I hope everybody is being honest about this. This is not just about today’s needs. This is about addressing the needs over the next 30 years. I think that resonates with people. – Rep. Johnny Anderson
SALT LAKE CITY — Utahns may soon be paying more at the pump as the state Legislature considers competing proposals for raising the gas tax for the first time in nearly two decades.
"I think we're going to have to do something. What that something is, I don't know yet," said Sen. Alvin Jackson, R-Highland, chairman of the Senate Transportation and Public Utilities and Technology Committee.
The choice for raising more revenues to pay for an estimated $11 billion in unfunded transportation needs in the coming decades is between increasing the existing 24.5-cents-per-gallon gas tax or switching to a sales tax on fuel.
Much of the money would go toward taking care of the state's deteriorating roadways, especially in rural areas. Some are state highways, and some are locally maintained.
"We are lucky in that we are not in dire straits," said Carlos Braceras, Utah Department of Transportation executive director. "Our roads and bridges are safe, but we're trying to be proactive."
Braceras said the last time the gas tax was raised in 1997, the money went toward adding lanes on I-15 through Salt Lake City for the 2002 Winter Olympics, as well as other capacity projects, not maintenance.
"We do have a robust program to address the growth that we're experiencing," the UDOT boss said. "The area where we've had … stress is the ability to take care of what we have."
Sen. Kevin Van Tassell, R-Vernal, the sponsor of SB160 to raise the per gallon gas tax by 10 cents, said rural highways that receive less traffic are getting little attention.
"Basically we'll fix potholes and push the snow," Van Tassell said. "They are the rural roads where local people live, my local people live, and where Salt Lake goes to play."
He said adding 10 cents to the gas tax would provide $130 million for maintenance, including $40 million for local roads. The cost is expected to be $48 annually for someone driving 12,000 miles a year at 25 miles per gallon.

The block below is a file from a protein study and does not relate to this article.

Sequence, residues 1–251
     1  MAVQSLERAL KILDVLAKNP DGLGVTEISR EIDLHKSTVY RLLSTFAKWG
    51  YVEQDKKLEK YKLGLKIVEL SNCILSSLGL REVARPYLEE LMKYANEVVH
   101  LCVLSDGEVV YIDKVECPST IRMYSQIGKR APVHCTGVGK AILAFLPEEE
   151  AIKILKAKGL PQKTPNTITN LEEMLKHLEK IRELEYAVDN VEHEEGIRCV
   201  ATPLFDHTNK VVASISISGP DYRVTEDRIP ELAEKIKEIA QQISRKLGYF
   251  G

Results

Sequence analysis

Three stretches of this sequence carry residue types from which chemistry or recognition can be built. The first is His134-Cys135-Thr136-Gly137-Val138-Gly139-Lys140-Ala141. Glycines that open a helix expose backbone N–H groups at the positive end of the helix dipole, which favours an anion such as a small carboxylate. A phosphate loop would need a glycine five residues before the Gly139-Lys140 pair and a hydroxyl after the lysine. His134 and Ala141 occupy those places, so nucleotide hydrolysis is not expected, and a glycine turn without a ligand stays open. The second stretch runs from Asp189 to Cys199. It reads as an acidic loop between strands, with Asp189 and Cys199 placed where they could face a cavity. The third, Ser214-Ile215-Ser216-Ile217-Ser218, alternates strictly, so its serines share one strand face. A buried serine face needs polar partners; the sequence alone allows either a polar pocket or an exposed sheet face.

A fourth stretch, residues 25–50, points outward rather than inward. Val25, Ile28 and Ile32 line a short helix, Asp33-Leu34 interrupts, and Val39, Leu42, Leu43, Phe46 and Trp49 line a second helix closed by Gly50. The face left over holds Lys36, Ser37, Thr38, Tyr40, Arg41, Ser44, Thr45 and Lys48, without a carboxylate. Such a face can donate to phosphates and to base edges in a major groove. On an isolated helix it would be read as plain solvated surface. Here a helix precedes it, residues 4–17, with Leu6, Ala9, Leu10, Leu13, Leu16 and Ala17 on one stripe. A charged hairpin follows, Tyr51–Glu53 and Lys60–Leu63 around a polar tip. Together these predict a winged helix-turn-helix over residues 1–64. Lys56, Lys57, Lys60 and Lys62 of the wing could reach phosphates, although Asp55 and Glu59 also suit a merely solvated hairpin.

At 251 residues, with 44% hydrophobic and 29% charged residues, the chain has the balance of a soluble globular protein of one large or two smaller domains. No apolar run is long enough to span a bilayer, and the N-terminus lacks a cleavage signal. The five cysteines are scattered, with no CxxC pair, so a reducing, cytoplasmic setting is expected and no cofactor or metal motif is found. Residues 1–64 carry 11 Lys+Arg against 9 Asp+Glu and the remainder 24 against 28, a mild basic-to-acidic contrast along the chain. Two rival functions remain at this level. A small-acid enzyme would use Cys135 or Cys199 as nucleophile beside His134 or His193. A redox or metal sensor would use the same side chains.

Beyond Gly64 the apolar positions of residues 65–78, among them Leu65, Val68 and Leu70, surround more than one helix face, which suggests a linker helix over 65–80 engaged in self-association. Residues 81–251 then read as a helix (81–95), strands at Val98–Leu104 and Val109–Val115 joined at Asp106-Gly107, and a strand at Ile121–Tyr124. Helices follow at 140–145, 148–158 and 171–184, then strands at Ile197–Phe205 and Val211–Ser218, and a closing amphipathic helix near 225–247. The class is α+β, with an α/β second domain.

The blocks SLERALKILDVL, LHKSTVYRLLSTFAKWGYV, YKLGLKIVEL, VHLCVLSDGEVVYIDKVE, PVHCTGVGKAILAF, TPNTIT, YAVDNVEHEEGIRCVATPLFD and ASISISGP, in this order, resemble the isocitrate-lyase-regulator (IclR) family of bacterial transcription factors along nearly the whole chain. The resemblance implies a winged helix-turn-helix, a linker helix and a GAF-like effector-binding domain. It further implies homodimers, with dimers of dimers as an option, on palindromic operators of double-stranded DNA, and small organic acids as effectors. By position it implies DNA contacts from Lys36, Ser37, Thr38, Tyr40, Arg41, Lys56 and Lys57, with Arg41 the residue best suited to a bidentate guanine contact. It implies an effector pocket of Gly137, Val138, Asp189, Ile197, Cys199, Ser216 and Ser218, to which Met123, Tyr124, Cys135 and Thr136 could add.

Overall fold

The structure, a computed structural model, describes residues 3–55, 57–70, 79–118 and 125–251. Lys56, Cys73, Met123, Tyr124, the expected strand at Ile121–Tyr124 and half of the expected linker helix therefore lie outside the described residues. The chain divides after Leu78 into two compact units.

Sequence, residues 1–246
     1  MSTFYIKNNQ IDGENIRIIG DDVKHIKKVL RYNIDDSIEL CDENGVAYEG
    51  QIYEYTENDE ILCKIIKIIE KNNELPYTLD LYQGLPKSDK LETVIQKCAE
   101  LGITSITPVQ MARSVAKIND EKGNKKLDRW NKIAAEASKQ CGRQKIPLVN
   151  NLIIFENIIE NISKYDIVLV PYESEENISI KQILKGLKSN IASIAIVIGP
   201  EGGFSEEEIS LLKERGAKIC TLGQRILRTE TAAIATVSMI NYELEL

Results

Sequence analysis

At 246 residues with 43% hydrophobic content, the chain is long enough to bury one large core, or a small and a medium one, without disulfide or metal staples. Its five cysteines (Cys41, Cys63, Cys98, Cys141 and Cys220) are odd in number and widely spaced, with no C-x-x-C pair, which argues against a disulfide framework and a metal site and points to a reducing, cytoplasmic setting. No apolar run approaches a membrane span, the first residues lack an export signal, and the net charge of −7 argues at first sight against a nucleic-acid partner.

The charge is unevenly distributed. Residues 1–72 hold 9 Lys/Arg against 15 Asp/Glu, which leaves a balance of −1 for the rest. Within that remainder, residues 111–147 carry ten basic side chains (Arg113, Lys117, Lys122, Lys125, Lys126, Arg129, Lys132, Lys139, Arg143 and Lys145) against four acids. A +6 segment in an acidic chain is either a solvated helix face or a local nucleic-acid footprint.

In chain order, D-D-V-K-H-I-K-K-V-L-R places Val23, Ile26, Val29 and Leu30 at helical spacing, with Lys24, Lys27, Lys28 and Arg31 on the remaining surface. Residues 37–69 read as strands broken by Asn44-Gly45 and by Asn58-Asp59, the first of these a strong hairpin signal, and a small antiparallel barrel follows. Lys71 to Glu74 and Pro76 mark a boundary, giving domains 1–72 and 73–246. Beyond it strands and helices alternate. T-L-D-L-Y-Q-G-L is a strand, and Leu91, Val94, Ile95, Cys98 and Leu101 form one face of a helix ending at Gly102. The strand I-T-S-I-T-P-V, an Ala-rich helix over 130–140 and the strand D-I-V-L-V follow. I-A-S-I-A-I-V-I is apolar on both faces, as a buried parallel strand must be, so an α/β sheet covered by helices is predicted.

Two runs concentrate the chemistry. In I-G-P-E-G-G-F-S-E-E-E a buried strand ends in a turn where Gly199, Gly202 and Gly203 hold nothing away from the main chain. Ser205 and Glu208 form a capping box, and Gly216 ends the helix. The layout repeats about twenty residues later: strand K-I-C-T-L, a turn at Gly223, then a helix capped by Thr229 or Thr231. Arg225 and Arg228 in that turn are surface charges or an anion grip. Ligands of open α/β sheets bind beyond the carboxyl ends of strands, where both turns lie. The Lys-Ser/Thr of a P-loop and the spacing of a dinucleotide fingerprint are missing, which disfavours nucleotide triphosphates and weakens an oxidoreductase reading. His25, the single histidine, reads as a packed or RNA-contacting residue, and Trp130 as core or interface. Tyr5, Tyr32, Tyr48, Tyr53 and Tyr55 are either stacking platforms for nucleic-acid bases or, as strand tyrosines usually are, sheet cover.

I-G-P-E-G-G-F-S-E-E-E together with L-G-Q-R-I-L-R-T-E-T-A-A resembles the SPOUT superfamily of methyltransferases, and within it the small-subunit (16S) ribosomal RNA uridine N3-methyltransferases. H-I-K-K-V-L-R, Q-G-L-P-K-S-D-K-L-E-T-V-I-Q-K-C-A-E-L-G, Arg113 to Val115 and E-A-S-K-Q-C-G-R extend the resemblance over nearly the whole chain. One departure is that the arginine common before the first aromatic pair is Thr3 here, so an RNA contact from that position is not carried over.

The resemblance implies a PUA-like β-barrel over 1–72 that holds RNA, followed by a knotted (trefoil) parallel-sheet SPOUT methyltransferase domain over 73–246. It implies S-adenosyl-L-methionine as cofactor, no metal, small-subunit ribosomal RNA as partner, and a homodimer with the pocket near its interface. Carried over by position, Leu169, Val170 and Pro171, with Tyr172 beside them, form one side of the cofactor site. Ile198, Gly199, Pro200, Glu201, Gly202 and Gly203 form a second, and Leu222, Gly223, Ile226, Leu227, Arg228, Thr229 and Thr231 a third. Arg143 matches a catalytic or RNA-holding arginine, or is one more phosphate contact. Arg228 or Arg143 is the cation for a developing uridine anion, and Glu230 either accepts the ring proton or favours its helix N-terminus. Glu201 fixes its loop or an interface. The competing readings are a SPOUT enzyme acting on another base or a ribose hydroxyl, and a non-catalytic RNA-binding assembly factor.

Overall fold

Van Tassell said it's fortunate this winter has been mild.
"If we had had a lot of snow and cold weather, there's some of these roads that would have been in bad shape," he said. "They would have got worse because of the melting and freezing. … We might have had to rebuild rather than repair."
Van Tassell's bill has already been approved by a Senate committee and is expected to be considered by the full Senate this week. Van Tassell said there could be some changes, such as adding an automatic, or indexed, increase tied to inflation.
Senate President Wayne Niederhauser, R-Sandy, has expressed support for a per-gallon gas tax increase, but House Speaker Greg Hughes, R-Draper, backs a switch to sales tax from the per-gallon unit tax.
"Some of the challenges we see in our budgets today are proof that the motor fuel tax that we have no longer does the job," Hughes said. "I am hoping that we do not see a continuation or trying to resuscitate this dinosaur of a unit tax."
The chairman of the House Transportation Committee, Rep. Johnny Anderson, R-Taylorsville, is sponsoring HB362, which would convert the state's per-gallon gas tax to a sales tax.
Although his just-released bill now says the tax would be 14 percent starting July 1, 2016, Anderson said those figures will change once the average cost of a gallon of gas over the past year is calculated.
The intent, he said, is to set a tax rate that will be revenue-neutral in the first year but rise as gas prices go up. Anderson's bill will also set limits on how high and low gas prices can go with the tax, now listed at $4 to $1.75.
His bill will also allow counties to ask voters if they want to add a 0.25-cent sales tax for all types of transportation needs. Hughes said including the local-option tax increase does make Anderson's bill harder to pass.
"We've got an exploding population," Anderson said. "Many local governments have a severe lack of funding for even maintaining their existing infrastructure. They just do. They are strapped for cash."
So is the state when it comes to taking care of rural highways, he said, calling his bill an attempt at long-term planning to meet the state's transportation needs rather than raising money to pay for a specific project.
"I hope everybody is being honest about this. This is not just about today's needs," Anderson said. "This is about addressing the needs over the next 30 years. I think that resonates with people."
House Republicans are expected to consider taking a position on the gas tax at their caucus Thursday.
Jackson said he is having a similar bill drafted to shift to a sales tax, but he's not sure it will be introduced because Senate Republicans have yet to take a position on a gas tax.
"We've got a dynamic over in the House of Representatives that we have to deal with, so it's just another option on the table to discuss," Jackson said. "That's really the issue."
Niederhauser said he believes Van Tassell's bill has a chance of passage in the Senate.
But the Senate leader said he believes ultimately lawmakers will consider Anderson's approach, too.
"If we're not thinking about the likelihood of that, we've probably got our head in the sand," Niederhauser said.
While Hughes said he doesn't want to see a combination of a per-gallon and sales tax, he remains optimistic the Legislature's majority Republicans can agree on a way to raise additional revenues for roads.
Gov. Gary Herbert did not include a gas tax increase in his proposed $14.3 billion budget, but he has said now is the time to consider it so more state revenues can go to education.
Contributing: Dennis Romboy
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